Seasonal variation of stroke across large regions with varying climates has been reported, though results have been mixed in prior studies. In this manuscript, Han et al evaluated the trends in ischemic and hemorrhagic stroke incidence across month and season in the Seongdong district of Seoul, Korea. This was undertaken to evaluate if variation is related to meteorological and air pollution parameters.

This district is located in an urban section of Seoul, has 4 distinct seasons, and has a single tertiary-care hospital that evaluates nearly all local stroke patients. Its approximately quarter million population remained stable over the 10 year study period. The average temperature, diurnal temperature range, average humidity, as well as particulate matter (PM10) and nitrogen dioxide (NO2) pollutant levels were obtained from meteorological and air quality agencies.

3,001 patients were in this study (2,202 ischemic stroke and 799 intraparenchymal hemorrhage); the average age was ~65 years. Monthly incidence (of all stroke) was highest in September (17.7/100,000) and lowest in October (14/100,000). The highest incidence for ischemic stroke (IS) was September (especially for men (OR 1.391) and individuals age >60 years (OR 1.268)) and highest incidence for hemorrhage (ICH) was in January. The seasonal IS rate in the summer (OR 1.183) and autumn (OR 1.127) was higher than that in the winter. There was no seasonal variation in history of traditional vascular risk factors. An association of mean temperature with IS risk was demonstrated, with a 0.6% higher risk of IS for every 1℃ increase in monthly temperature (RR 1.006, p=0.003). In the older age group, average temperature was associated with IS incidence (RR 1.007, p=0.007) and negatively correlated with ICH (RR 0.985, p=0.004). No association was demonstrated with humidity. Interestingly, PM10 levels were negatively correlated with IS (RR 0.97, p=0.009) and the association was more significant in men (RR 0.943, p=0.002). However, PM10 (RR 1.106, p=0.002) and NO2 (RR 1.262, p=0.001) levels were positively correlated with ICH incidence in older individuals.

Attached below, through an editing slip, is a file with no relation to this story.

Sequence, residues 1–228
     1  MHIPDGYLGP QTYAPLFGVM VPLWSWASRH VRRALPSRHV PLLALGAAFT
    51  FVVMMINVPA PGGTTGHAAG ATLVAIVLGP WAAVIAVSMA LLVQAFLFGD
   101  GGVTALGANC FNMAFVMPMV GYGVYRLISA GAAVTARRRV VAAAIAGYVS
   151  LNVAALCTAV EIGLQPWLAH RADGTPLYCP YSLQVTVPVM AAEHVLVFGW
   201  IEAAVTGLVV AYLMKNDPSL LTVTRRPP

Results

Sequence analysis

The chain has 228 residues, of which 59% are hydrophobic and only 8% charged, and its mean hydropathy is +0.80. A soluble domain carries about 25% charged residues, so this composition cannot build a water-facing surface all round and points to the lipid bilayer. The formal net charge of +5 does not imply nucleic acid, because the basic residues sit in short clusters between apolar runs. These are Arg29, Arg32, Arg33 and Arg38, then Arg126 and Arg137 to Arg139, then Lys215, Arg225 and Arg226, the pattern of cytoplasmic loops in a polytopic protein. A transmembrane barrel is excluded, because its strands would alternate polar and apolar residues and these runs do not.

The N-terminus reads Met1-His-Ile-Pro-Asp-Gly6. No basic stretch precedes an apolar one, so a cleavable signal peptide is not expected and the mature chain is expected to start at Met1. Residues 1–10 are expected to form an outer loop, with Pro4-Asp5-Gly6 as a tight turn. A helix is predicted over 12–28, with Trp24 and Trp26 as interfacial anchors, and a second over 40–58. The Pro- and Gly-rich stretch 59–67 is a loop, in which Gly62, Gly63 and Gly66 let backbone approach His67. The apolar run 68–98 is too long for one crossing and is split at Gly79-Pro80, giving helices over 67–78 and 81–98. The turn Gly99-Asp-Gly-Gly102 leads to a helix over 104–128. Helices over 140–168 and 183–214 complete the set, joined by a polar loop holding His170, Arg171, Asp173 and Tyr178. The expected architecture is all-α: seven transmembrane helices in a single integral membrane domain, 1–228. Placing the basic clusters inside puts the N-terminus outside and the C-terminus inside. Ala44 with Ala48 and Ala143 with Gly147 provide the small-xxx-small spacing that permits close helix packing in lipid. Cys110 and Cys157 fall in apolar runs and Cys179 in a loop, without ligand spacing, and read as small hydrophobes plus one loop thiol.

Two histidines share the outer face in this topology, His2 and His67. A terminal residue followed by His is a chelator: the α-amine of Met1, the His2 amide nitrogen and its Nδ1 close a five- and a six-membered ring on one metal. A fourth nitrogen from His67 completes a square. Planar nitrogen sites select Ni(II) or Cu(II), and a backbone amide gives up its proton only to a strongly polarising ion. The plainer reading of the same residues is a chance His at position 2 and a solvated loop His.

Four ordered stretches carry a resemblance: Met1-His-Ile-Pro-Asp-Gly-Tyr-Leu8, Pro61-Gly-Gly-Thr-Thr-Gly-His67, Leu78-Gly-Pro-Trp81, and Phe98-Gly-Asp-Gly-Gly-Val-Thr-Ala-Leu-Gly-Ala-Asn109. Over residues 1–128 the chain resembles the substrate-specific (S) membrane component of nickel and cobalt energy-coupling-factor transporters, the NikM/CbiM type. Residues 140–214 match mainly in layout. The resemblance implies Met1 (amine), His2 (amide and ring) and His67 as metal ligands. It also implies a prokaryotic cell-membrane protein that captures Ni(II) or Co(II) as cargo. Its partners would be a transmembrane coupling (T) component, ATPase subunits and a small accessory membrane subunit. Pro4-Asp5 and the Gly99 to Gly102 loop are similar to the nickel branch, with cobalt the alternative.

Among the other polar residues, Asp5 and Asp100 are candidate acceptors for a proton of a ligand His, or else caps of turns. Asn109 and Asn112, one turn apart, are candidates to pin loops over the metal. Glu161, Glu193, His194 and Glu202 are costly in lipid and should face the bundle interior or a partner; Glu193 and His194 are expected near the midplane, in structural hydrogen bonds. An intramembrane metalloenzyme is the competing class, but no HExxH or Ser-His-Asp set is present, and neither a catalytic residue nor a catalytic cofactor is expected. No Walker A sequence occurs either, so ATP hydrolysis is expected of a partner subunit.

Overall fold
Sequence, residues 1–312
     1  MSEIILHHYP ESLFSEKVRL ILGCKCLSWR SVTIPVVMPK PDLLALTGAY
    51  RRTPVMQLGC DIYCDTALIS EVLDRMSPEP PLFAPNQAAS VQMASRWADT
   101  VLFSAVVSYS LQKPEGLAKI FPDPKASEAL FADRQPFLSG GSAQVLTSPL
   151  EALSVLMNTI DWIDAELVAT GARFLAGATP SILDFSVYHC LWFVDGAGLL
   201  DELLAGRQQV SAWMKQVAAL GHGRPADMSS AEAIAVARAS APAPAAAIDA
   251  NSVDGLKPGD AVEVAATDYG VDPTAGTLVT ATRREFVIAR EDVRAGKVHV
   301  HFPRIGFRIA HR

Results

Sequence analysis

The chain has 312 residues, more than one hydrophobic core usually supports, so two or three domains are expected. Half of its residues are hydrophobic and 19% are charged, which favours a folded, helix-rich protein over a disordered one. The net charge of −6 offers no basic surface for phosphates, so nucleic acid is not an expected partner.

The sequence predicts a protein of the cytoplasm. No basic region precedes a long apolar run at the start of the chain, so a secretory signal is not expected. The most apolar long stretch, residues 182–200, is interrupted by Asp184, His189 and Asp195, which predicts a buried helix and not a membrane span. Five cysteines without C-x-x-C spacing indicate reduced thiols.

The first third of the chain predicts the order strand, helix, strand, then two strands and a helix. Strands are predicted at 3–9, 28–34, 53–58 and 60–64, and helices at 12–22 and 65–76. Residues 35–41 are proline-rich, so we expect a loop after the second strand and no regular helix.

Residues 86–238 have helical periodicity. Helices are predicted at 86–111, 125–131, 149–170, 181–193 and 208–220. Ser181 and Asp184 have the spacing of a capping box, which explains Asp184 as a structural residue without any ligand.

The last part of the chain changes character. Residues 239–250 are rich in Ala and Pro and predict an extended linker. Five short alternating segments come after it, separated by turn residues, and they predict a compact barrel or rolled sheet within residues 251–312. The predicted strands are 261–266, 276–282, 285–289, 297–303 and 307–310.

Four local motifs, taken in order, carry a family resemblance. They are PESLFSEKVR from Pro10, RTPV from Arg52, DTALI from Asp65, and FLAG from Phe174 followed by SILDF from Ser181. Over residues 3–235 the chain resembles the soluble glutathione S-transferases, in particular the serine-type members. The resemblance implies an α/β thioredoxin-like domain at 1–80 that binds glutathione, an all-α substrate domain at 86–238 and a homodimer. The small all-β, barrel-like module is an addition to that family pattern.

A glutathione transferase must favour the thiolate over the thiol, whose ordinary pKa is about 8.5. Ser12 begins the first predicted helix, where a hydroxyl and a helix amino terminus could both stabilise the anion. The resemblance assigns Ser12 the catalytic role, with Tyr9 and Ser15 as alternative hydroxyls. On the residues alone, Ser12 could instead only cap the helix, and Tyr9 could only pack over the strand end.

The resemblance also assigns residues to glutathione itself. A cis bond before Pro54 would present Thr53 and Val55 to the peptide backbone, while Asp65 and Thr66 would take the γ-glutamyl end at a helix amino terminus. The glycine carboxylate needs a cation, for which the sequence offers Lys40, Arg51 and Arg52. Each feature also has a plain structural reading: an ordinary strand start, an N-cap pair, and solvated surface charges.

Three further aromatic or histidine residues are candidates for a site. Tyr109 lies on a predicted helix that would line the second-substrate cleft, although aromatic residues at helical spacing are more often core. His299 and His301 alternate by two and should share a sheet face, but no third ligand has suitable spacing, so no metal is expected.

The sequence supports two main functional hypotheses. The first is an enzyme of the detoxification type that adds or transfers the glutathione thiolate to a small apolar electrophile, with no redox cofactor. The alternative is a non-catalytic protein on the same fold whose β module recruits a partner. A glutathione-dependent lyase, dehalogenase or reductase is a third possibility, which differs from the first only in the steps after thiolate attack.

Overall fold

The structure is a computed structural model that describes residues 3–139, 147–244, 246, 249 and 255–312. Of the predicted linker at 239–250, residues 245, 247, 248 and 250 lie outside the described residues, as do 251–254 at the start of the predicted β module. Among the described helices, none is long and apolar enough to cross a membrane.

Notable limitations of the study include being single-center (serving a small geographic region) and that a limited number of air pollution and meteorological variables was assessed. Nevertheless, the results are interesting. Future work will have to evaluate the biological mechanisms leading to such variation in stroke incidence and further elucidate the impact of environmental pollutants.